As for what didn’t make sense, the study begins with a snapshot of world religiosity, ranging from “highly faithful/religious” to “secular.” China, an officially atheist nation, ranks number four in the first category, after the U.S., Nigeria and South Africa, and just above India.
This seems unlikely, even more so when you think of how China is reported to persecute people of faith. So, why would anyone there tell a pollster he or she was one?
I’ve asked, and the answer I got was, in part, “Despite the policy of the country like China, the people within it have religion as a core element of their personal identity.”
UPDATE 9/29:A representative from HarrisX got back to me and offered some info on the study methodology, which may explain why the Chinese respondents felt free to answer the question honestly:
“The survey was conducted on a representative swath of Chinese respondents sourced randomly through over 8 recruiting platforms and agencies. The survey is administered online for maximum respondent privacy. Responses don’t collect personally identifiable information — only the demographic profile of the respondents. And all HarrisX survey links and responses are encrypted for protection.”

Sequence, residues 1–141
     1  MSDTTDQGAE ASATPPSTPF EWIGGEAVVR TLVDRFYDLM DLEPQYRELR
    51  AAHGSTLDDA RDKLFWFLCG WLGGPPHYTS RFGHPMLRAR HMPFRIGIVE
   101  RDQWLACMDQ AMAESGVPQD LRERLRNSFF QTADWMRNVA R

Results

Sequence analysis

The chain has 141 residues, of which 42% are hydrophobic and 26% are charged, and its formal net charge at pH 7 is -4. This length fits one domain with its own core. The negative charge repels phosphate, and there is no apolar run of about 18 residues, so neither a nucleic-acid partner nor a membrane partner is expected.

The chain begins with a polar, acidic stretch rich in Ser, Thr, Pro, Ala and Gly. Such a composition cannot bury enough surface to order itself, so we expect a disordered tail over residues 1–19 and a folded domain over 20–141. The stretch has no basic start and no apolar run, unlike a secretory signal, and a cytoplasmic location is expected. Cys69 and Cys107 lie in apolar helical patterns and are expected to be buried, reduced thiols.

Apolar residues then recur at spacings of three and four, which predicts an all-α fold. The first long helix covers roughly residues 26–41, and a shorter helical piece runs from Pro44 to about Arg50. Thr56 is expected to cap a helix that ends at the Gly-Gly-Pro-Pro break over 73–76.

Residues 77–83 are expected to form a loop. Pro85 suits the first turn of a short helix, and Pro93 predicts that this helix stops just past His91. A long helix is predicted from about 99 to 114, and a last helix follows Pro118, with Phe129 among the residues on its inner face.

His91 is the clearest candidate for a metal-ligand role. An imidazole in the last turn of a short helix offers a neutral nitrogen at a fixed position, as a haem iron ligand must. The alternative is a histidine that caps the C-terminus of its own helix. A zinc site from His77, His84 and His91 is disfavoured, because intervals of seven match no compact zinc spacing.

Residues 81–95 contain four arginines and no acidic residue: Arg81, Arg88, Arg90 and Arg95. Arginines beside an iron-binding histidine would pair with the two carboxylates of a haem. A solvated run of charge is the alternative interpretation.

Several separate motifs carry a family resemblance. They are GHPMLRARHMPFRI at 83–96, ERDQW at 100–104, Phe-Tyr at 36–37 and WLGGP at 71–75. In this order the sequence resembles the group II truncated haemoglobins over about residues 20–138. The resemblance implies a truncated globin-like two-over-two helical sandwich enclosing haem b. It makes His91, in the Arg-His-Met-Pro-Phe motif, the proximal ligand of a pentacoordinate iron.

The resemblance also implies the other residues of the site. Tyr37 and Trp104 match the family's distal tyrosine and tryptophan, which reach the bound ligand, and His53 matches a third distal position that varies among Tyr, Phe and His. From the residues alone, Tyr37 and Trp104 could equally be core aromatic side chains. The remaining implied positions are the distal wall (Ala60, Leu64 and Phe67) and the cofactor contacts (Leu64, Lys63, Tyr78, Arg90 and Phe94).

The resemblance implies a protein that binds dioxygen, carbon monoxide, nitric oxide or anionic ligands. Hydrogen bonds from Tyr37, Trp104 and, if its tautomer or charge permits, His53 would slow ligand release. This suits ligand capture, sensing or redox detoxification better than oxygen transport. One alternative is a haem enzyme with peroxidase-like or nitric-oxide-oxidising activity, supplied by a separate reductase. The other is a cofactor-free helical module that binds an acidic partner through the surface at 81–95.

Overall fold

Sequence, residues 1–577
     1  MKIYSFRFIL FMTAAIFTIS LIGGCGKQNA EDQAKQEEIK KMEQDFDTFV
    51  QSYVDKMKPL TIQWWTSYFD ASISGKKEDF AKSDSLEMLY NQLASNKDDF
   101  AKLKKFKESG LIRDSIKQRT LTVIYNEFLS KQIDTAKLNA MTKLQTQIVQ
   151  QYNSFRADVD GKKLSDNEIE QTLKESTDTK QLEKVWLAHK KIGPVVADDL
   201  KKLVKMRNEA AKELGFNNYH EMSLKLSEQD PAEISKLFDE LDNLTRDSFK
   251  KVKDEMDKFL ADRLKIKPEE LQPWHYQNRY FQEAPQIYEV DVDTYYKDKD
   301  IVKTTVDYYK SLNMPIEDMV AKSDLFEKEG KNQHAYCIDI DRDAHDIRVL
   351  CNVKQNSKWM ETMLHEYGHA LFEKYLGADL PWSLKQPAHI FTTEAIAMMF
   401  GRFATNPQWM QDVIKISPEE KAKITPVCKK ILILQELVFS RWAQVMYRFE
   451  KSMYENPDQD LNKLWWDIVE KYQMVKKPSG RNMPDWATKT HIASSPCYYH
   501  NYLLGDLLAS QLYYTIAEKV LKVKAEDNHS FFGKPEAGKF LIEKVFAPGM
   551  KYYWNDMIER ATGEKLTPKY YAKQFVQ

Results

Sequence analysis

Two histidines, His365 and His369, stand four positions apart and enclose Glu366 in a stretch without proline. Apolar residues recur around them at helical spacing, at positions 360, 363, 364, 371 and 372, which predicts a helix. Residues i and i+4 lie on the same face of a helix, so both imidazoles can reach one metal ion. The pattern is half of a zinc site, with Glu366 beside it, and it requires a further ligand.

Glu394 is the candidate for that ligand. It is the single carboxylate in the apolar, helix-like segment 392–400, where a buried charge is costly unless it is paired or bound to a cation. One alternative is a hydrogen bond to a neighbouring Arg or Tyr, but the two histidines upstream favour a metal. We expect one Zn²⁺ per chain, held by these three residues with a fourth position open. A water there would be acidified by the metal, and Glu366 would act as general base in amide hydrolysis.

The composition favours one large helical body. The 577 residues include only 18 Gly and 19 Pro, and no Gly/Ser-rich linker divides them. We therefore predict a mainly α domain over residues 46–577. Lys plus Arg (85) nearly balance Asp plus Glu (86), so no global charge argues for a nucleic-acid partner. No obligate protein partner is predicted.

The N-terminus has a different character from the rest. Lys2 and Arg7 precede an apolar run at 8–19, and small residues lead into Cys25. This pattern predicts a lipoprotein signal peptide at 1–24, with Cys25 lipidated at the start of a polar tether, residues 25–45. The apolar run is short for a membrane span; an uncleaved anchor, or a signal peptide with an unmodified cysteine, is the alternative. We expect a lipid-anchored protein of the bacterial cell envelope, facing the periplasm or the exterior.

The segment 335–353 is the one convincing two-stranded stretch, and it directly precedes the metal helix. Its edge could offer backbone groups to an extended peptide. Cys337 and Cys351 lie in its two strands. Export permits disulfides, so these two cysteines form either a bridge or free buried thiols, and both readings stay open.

Aside from that, the results on the newsrooms — apparently self-reported by journalists — are telling.
What the Media Says About Itself Regarding Faith Coverage
Survey respondents representing media consumers feel that media needs to be covering religion, but 53% think media “actively ignores religion as an aspect of society and culture.” So, consumers want nuanced and knowledgeable coverage, but most feel they’re not getting it.
And when they do get coverage, they don’t like what they see, with 61% believing the media perpetuates narrow and outdated stereotypes regarding people of faith. Conversely, 8 in 10 think that religious groups must “provide more — and more relevant — spokespeople.”
So, Why Is This Happening in the Media?
Here are some excerpts from the study regarding possible explanations, from the media’s POV.
First, there’s the very real issue of budget (refer to the aforementioned collapse in advertising revenue):
Media respondents said reduced budgets have led to a lack of specialist journalists, leaving generalists to cover topics – including faith and religion.
Media would rather avoid the topic than risk getting it wrong:
Media interviewees described a general fear around covering religion. In an era when religion has become increasingly politicized, news coverage, often at speed, brings with it the tacit acceptance that it’s impossible to cover the topic with a level of nuance and sensitivity given the time and resources available.
Also, as all media and entertainment has become more secular or even anti-religious (due in part to a similar shift in education), there are fewer and fewer believers in newsrooms. The push for diversity, equity and inclusion doesn’t appear to include people of faith, whether because they aren’t hired when they apply, or they’re not applying.
And for those that are working in media: